The purpose of this site is to collect lab research by medical doctors about herbs that are proven to treat illnesses and counter the false attacks on herbs by the medical industry and false claims by alternative medicine. I let the science tell the facts.
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Catecholamine (used to be called adrenalin)

The importance of catecholamine is that when it is high it increases depression, mood problems, anger, fight-flight, stress and emotions.

1. Medicine Plus "Catecholamines are hormones produced by the adrenal glands, which are found on top of the kidneys. They are released into the blood during times of physical or emotional stress. The major catecholamines are dopamine, norepinephrine, and epinephrine (which used to be called adrenalin)...Foods that can increase catecholamine levels include: Coffee, Tea, Bananas, Chocolate, Cocoa, Citrus fruits, Vanilla" This report also lists drugs that increase and decrease chatecholamine.

2. Wikipedia "A catecholamine (CA) is an organic compound that has a catechol (benzene with two hydroxyl side groups) and a side-chain amine.[1] A catechol is a 1,2-dihydroxybenzene group. Catecholamines derive[ambiguous] from the amino acid tyrosine.[2] Catecholamines are water-soluble and are 50%-bound to plasma proteins, so they circulate in the bloodstream. In the human body, the most abundant catecholamines are epinephrine (adrenaline), norepinephrine (noradrenaline) and dopamine, all of which are produced from phenylalanine and tyrosine. Release of the hormones epinephrine and norepinephrine from the adrenal medulla of the adrenal glands is part of the fight-or-flight response.[3] Tyrosine is created from phenylalanine by hydroxylation by the enzyme phenylalanine hydroxylase. Tyrosine is also ingested directly from dietary protein. It is then sent to catecholamine-secreting neurons. Here, several reactions serially convert tyrosine to L-DOPA, to dopamine, to norepinephrine, and eventually to epinephrine.[4] Various stimulant drugs are catecholamine analogues...Two catecholamines, norepinephrine and dopamine, act as neuromodulators in the central nervous system and as hormones in the blood circulation. The catecholamine norepinephrine is a neuromodulator of the peripheral sympathetic nervous system but is also present in the blood (mostly through "spillover" from the synapses of the sympathetic system).High catecholamine levels in blood are associated with stress, which can be induced from psychological reactions or environmental stressors such as elevated sound levels, intense light, or low blood sugar levels.Extremely high levels of catecholamines (also known as catecholamine toxicity) can occur in central nervous system trauma due to stimulation and/or damage of nuclei in the brainstem, in particular those nuclei affecting the sympathetic nervous system. In emergency medicine, this occurrence is widely known as catecholamine dump.Extremely high levels of catecholamine can also be caused by neuroendocrine tumors in the adrenal medulla, a treatable condition known as pheochromocytoma. High levels of catecholamines can also be caused by monoamine oxidase A (MAO-A) deficiency. MAO-A is one of the enzymes responsible for degradation of these neurotransmitters, thus its deficiency increases the bioavailability of them considerably. It occurs in the absence of pheochromocytoma, neuroendocrine tumors, and carcinoid syndrome, but it looks similar to carcinoid syndrome such as facial flushing and aggression.[5][6]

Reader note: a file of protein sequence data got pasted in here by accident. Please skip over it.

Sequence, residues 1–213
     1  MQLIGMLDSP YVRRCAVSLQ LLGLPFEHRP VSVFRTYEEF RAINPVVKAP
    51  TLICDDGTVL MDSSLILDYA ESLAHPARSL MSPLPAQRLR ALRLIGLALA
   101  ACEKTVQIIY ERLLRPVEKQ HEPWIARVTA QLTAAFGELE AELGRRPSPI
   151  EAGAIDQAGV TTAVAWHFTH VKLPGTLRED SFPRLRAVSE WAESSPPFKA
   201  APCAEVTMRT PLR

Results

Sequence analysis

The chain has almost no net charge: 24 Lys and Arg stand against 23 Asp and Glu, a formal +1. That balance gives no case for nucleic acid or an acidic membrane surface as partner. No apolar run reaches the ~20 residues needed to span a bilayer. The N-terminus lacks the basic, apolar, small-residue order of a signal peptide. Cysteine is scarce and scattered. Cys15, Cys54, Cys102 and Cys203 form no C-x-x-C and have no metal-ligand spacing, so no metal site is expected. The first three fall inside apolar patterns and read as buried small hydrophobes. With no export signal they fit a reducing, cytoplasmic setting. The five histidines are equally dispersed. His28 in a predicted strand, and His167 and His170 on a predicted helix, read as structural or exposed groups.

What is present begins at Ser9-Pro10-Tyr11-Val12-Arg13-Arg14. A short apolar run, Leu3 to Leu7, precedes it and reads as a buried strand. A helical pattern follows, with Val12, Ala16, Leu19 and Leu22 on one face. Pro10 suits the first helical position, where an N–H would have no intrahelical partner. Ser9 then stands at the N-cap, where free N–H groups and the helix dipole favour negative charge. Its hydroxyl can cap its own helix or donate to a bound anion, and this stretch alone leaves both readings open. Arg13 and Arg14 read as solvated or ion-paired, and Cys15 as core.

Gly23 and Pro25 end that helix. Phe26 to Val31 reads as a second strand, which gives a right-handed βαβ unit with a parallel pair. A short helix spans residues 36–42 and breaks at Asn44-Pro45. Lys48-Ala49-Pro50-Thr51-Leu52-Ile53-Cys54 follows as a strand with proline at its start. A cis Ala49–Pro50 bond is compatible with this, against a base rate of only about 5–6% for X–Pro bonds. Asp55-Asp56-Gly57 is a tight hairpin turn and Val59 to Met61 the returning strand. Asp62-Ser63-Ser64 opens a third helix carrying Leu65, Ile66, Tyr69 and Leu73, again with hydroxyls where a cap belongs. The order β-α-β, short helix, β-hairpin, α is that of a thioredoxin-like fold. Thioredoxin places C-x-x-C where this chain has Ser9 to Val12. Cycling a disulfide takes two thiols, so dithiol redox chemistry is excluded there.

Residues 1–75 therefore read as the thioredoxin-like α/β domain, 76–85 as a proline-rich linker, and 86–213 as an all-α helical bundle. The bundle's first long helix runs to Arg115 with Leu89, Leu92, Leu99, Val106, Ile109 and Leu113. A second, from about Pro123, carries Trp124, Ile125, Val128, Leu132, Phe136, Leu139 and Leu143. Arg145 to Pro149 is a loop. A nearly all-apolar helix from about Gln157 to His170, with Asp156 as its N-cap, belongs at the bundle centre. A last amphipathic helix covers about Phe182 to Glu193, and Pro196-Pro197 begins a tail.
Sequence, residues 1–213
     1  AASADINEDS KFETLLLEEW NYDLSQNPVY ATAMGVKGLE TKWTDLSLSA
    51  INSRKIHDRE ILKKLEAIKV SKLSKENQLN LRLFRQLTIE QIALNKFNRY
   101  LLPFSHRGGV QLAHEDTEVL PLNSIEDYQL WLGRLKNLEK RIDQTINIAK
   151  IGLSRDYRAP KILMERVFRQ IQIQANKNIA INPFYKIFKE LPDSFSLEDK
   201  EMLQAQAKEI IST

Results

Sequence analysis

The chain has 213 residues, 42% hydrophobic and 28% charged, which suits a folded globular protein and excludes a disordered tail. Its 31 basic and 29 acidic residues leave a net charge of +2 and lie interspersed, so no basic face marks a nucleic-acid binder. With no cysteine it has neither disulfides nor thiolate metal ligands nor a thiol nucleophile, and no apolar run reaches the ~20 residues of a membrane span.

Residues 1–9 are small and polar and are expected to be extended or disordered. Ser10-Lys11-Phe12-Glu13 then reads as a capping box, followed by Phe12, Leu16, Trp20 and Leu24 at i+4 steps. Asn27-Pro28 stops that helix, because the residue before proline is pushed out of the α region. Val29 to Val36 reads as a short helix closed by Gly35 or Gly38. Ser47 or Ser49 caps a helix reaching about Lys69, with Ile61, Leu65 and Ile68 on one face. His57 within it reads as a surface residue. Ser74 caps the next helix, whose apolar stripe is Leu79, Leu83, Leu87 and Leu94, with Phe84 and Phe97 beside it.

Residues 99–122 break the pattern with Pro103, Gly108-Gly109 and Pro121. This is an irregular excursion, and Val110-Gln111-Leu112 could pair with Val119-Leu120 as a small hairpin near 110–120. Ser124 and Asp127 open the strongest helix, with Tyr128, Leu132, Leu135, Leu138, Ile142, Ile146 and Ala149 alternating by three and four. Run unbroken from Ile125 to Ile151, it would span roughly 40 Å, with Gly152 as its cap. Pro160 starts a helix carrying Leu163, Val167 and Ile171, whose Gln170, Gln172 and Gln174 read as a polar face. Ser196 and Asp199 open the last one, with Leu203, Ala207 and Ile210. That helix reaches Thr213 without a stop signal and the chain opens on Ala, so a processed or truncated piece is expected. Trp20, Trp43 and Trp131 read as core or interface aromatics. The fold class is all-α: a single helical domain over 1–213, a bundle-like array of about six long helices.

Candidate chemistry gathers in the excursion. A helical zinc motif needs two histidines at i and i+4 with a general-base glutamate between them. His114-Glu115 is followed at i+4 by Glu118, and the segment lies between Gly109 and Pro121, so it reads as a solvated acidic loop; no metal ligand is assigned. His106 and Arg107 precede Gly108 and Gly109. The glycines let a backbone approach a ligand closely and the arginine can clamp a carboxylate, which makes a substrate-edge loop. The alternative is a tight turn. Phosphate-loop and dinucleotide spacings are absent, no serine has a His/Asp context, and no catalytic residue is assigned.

Effects Catecholamines cause general physiological changes that prepare the body for physical activity (fight-or-flight response). Some typical effects are increases in heart rate, blood pressure, blood glucose levels, and a general reaction of the sympathetic nervous system. Some drugs, like tolcapone (a central COMT-inhibitor), raise the levels of all the catecholamines.

3. Pharacological Reviews "The catecholamines, dopamine, norepinephrine, and epinephrine, constitute a class of chemical neurotransmitters and hormones that occupy key positions in the regulation of physiological processes and the development of neurological, psychiatric, endocrine, and cardiovascular diseases. As such, these chemicals and the catecholamine neuronal and endocrine systems in which they are produced continue to receive considerable research attention."

4. Neuropsychopharmacology "Treatment with a-methyl-para-tyrosine (AMPT), a catecholamine synthesis inhibitor, has been shown to produce pronounced increases in sleepiness and mild increases in negative mood and anxiety when administered to healthy male adults. The present study was conducted to ascertain whether these effects of AMPT are secondary to decreases in brain catecholamines or whether they represent nonspecific drug effects...AMPT treatment led to decreased calmness, increased tension and anger, and a trend for increased depression. Replacement of catecholamine stores with L-dopa reversed the effects of AMPT and was associated with a more rapid recovery from AMPT's effects. These findings indicate that AMPT's effects on alertness and anxiety are catecholamine-specific. Further, they provide additional evidence that catecholamines are involved in the regulation of normal states of arousal, and they are consistent with the view that brain catecholaminergic dysregulation is involved in pathological anxiety states."

5. Wikipedia "L-DOPA (L-3,4-dihydroxyphenylalanine) is a chemical that is made and used as part of the normal biology of some animals and plants. Some animals including humans make it via biosynthesis from the amino acid L-tyrosine. L-DOPA is the precursor to the neurotransmitters dopamine, norepinephrine (noradrenaline), and epinephrine (adrenaline) collectively known as catecholamines."



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